August 2012
Volume 12, Issue 9
Free
Vision Sciences Society Annual Meeting Abstract  |   August 2012
Perceptual learning in amblyopes: A cautionary tale
Author Affiliations
  • Lynne Kiorpes
    Center for Neural Science, New York University
  • Paul Mangal
    Center for Neural Science, New York University
Journal of Vision August 2012, Vol.12, 285. doi:10.1167/12.9.285
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      Lynne Kiorpes, Paul Mangal; Perceptual learning in amblyopes: A cautionary tale. Journal of Vision 2012;12(9):285. doi: 10.1167/12.9.285.

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      © ARVO (1962-2015); The Authors (2016-present)

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Abstract

Perceptual learning is gaining recognition as a potentially beneficial treatment for adults with amblyopia. However, it is unclear how consistent the training benefit is across subjects and tasks. We investigated this question in amblyopic non-human primates (Macaca nemestrina). We used an integrative training stimulus: random dot motion direction discrimination over a range of directions and dot speeds. We then tested for improvement in performance on various motion and form tasks post-training: coherent motion detection, Glass pattern form discrimination, contrast sensitivity, and Vernier acuity. As a control, we assessed the untrained fellow eye for any changes in performance. All data were collected using two-alternative forced-choice psychophysical methods. Four amblyopic monkeys, two strabismic and two anisometropic, and one visually-normal control were tested. The number of training trials for perceptual learning ranged from 15,000 – 30,000. Our results showed that 1) at least 20,000 training trials were needed for substantive perceptual learning to occur; 2) in most cases, learning transferred within the training domain to a non-practiced motion task, but there was less transfer across domains, to the spatial tasks; 3) contrast sensitivity improved in one-half of the cases but was poorer after training in the other cases; 4) form discrimination performance was typically poorer after training, with only 1 of the 4 amblyopes showing a clear training benefit; 5) Vernier acuity was mostly unaffected by the training; 6) in several cases, serendipitous improvement in the untrained fellow eye negated any benefit to the amblyopic eye. These results suggest that further evaluation is needed before perceptual learning can be considered a consistent, broadly effective and beneficial treatment for amblyopia.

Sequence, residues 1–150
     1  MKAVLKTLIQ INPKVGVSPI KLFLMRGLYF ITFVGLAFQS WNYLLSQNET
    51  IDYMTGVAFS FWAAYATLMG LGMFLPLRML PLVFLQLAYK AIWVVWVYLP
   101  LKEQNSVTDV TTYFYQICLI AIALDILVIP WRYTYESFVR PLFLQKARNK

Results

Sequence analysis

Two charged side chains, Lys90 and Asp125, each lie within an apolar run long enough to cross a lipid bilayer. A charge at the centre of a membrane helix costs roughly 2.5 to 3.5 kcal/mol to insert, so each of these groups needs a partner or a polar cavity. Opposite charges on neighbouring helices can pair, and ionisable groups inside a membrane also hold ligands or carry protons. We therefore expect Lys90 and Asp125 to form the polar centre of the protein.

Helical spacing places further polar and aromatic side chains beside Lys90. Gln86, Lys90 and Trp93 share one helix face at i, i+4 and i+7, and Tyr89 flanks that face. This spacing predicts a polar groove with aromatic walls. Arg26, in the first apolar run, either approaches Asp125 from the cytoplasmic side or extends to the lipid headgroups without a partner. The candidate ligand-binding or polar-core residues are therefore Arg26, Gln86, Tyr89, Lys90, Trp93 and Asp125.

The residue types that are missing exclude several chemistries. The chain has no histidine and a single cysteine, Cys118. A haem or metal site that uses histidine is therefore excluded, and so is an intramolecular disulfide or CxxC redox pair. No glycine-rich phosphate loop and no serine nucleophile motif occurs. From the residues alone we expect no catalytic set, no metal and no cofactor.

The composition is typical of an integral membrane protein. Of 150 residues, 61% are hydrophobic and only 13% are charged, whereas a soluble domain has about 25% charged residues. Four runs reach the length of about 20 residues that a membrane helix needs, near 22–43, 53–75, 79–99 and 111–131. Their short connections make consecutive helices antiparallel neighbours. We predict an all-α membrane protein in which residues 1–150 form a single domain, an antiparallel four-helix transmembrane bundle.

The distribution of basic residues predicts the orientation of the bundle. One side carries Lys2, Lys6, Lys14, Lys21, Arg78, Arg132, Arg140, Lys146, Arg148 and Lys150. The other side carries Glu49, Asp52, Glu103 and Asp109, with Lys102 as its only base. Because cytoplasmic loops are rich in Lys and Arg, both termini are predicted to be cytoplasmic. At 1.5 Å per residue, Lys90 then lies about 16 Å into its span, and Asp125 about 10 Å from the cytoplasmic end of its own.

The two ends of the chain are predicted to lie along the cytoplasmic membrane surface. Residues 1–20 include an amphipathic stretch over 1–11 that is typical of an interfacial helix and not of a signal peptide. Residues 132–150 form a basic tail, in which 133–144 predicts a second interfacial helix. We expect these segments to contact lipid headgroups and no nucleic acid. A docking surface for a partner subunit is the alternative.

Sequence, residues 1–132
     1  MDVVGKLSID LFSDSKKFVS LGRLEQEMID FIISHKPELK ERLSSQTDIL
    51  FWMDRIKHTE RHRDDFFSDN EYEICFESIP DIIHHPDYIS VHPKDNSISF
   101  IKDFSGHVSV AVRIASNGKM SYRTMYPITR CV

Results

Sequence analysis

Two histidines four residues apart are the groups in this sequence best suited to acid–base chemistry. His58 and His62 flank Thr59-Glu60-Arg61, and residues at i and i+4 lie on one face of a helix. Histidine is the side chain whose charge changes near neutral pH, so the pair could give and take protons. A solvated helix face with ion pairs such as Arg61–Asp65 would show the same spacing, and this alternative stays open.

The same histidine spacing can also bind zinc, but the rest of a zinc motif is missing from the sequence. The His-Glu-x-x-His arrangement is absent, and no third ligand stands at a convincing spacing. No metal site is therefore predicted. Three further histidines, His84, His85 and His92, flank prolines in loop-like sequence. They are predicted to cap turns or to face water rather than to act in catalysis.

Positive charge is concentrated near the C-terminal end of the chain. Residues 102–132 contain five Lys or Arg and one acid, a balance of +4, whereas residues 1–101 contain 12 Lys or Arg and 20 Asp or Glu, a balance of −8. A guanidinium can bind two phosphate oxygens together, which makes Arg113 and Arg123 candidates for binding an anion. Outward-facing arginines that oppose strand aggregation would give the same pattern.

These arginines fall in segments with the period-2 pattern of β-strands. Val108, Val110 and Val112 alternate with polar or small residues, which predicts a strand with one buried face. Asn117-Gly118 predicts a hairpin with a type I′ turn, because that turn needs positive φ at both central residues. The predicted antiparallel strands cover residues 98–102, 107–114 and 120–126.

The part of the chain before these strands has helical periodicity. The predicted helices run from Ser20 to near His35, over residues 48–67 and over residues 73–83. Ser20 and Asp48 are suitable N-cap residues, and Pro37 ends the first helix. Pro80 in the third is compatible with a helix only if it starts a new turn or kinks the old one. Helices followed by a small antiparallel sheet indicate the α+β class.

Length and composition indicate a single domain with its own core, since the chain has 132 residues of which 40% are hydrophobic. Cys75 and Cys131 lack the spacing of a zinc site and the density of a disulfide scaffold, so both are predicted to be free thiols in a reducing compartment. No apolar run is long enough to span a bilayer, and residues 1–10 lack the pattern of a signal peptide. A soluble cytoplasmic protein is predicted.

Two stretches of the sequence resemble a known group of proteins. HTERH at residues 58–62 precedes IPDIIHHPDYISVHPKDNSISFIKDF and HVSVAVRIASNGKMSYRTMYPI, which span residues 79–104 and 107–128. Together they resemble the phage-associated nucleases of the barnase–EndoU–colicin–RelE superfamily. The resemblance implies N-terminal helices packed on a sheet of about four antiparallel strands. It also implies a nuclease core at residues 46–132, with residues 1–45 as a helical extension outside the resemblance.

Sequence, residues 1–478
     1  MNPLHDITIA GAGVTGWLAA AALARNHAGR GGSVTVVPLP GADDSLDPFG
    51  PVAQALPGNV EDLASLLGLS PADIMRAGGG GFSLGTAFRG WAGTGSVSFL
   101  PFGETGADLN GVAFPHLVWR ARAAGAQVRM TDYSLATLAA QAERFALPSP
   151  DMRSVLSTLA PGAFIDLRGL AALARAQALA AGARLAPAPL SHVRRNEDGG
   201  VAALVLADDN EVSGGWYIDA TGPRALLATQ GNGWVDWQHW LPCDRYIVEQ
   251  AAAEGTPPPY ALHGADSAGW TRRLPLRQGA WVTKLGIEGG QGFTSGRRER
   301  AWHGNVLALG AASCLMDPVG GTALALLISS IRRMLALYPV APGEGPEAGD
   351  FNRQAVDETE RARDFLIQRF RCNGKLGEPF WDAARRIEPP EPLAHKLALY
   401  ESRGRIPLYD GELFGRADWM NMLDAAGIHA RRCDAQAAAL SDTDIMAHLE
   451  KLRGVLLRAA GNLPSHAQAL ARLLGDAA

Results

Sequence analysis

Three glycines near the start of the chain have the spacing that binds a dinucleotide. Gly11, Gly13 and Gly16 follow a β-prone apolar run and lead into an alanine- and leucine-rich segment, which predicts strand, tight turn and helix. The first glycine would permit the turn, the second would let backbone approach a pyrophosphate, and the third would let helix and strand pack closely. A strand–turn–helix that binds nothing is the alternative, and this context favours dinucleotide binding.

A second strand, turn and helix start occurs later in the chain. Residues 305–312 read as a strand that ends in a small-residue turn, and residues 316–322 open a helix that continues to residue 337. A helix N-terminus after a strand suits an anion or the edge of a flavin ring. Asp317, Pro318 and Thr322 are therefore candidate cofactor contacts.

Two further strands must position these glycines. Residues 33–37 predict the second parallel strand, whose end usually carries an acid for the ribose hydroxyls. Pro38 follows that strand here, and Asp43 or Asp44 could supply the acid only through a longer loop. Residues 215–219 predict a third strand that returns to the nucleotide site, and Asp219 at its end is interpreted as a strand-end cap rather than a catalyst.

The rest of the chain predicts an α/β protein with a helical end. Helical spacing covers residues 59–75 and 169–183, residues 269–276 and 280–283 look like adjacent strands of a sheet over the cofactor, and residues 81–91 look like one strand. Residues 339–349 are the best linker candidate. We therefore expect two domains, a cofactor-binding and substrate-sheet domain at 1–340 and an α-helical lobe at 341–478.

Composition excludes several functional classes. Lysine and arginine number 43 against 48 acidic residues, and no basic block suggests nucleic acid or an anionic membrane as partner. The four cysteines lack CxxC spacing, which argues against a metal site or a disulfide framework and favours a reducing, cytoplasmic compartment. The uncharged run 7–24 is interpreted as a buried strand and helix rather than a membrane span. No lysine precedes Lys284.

Meeting abstract presented at VSS 2012

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